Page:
Every Arctis headset supports 7.1 Surround Sound, though the Arctis 3 and Arctis 5 also feature the more upmarket DTS Headphone audio protocol, and the Arctis 7 is the only model of the three that has steel alloy elements in its build. The 7 is compatible with every major gaming console and gaming computer. Unfortunately, the Xbox One only supports a wired connection with an included cable. We recommend the Arctis 7 for its impressive 15-hour battery life, extremely comfortable fit, and top-notch sound quality. Plus it's a lot cheaper than other wireless options, but sounds extremely good.
This new headset features the close and comfortable fit of the Arctis range. With a freshly styled gunmetal finished headband supported by a swappable ski goggle-style band that can be easily tightened or loosened depending on your preference. This design is surprisingly comfortable as it's the material headband that sits on your head, not the metal, so you don't get an unpleasant pressure on your noggin while you're gaming.
The Turtle Beach Elite Pro Professional is a gaming headset that offers superb quality surround sound audio, an excellent microphone and, most importantly, a comfortable gaming experience for a reasonable price. If you're a glasses wearer or a gamer that loves long gaming sessions and wants an encompassing and immersive sound that's as comfortable as it is enjoyable then this is the headset for you.
Of all the headsets we tried, the Razer Tiamat 7.1 created the most convincing surround experience, which didn’t surprise us since it includes five distinct drivers in each earcup: a 30 mm front-channel driver, a 30 mm center-channel driver, 20 mm surround and surround-back drivers, and a 40 mm low-frequency effects driver. Still, the surround-sound experience wasn’t entirely convincing, and the Tiamat 7.1 failed to create a satisfying front soundstage.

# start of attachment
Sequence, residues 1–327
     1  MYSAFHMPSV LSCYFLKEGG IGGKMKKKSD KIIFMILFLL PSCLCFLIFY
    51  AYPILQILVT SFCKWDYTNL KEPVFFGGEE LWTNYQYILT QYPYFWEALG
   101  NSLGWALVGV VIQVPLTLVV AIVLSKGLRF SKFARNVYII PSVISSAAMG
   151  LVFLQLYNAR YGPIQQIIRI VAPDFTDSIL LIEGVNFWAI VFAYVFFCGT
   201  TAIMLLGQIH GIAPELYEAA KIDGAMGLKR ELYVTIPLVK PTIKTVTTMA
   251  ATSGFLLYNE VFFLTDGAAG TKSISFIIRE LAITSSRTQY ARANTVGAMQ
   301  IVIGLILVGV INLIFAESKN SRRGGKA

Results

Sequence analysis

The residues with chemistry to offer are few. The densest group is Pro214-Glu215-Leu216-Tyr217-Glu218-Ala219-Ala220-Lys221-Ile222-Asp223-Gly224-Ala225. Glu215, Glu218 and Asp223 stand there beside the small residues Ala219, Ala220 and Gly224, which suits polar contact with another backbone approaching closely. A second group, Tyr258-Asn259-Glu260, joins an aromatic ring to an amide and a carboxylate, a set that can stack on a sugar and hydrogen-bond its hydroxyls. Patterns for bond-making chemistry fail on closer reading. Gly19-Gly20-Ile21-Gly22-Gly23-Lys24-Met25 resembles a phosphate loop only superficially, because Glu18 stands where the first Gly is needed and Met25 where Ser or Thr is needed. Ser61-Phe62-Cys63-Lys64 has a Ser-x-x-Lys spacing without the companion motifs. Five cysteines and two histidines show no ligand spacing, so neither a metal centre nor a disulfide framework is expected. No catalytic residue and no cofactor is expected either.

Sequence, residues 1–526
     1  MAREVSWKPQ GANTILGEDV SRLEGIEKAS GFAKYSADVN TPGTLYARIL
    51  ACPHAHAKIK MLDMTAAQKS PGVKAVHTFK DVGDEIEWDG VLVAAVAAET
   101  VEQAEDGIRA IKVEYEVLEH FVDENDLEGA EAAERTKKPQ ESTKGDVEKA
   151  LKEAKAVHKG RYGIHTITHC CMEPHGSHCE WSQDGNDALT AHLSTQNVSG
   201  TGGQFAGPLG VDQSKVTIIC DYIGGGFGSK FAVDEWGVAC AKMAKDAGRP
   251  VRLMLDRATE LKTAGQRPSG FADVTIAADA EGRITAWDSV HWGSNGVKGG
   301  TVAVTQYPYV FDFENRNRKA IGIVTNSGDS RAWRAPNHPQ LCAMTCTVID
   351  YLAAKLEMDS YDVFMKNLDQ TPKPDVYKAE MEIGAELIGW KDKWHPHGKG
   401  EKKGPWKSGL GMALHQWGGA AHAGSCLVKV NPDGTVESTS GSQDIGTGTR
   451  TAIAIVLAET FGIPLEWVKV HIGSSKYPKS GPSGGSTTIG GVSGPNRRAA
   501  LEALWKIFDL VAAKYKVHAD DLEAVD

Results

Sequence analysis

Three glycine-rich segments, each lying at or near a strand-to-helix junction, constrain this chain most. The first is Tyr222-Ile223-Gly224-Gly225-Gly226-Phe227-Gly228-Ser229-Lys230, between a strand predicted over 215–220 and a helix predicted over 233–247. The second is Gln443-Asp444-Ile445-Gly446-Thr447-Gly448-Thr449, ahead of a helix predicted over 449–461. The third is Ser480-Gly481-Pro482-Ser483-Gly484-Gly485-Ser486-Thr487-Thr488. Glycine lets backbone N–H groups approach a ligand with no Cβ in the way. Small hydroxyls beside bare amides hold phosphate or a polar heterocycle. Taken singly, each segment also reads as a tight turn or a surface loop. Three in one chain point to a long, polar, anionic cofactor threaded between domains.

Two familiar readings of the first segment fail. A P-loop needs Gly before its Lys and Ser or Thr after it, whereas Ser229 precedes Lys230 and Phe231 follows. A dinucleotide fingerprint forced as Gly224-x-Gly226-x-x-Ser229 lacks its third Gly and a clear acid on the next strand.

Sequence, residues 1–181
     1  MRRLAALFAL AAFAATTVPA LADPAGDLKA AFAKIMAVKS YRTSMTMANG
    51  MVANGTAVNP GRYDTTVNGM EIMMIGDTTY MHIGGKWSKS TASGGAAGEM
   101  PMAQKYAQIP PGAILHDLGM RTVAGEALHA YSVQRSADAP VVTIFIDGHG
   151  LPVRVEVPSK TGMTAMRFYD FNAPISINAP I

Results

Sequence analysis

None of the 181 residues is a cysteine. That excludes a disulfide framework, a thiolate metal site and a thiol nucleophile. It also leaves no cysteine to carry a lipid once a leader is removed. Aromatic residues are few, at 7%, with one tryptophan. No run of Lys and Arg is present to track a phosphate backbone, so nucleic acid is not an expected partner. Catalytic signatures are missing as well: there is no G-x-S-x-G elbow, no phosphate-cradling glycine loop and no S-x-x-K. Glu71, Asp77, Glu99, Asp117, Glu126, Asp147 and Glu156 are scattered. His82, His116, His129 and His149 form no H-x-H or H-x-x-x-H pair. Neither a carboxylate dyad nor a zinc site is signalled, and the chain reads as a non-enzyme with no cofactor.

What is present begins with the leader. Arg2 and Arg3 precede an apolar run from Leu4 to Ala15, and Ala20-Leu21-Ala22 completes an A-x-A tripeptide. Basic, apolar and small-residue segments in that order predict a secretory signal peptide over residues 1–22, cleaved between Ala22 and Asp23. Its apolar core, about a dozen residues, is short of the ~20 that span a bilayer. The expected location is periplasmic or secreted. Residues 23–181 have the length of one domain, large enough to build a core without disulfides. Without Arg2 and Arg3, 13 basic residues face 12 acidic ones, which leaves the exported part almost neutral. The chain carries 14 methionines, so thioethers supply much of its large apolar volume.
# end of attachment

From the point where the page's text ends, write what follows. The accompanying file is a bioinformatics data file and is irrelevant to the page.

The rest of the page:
This lightweight and comfy design keeps your ears snug for long gaming sessions, and the large volume wheel on the earcup keeps the cable controller-free and as light as possible. The only downside to the headset is the immobile microphone, which could have benefitted from a removeable design, and ideally the rubberised mid-section swapped for some more malleable material as it currently adds very little in the way of adjustability.

If you are on a tight budget and don't like the look or style of the HyperX Cloud Stinger, you should definitely check out the HS50 from Corsair. They are the same price as the HyperX Cloud Stinger, and extremely close in performance and comfort (for our reviewer it was as close as it gets in these type of comparisons). It's a stereo headset so there's no fancy surround sound, but that's typical at this price.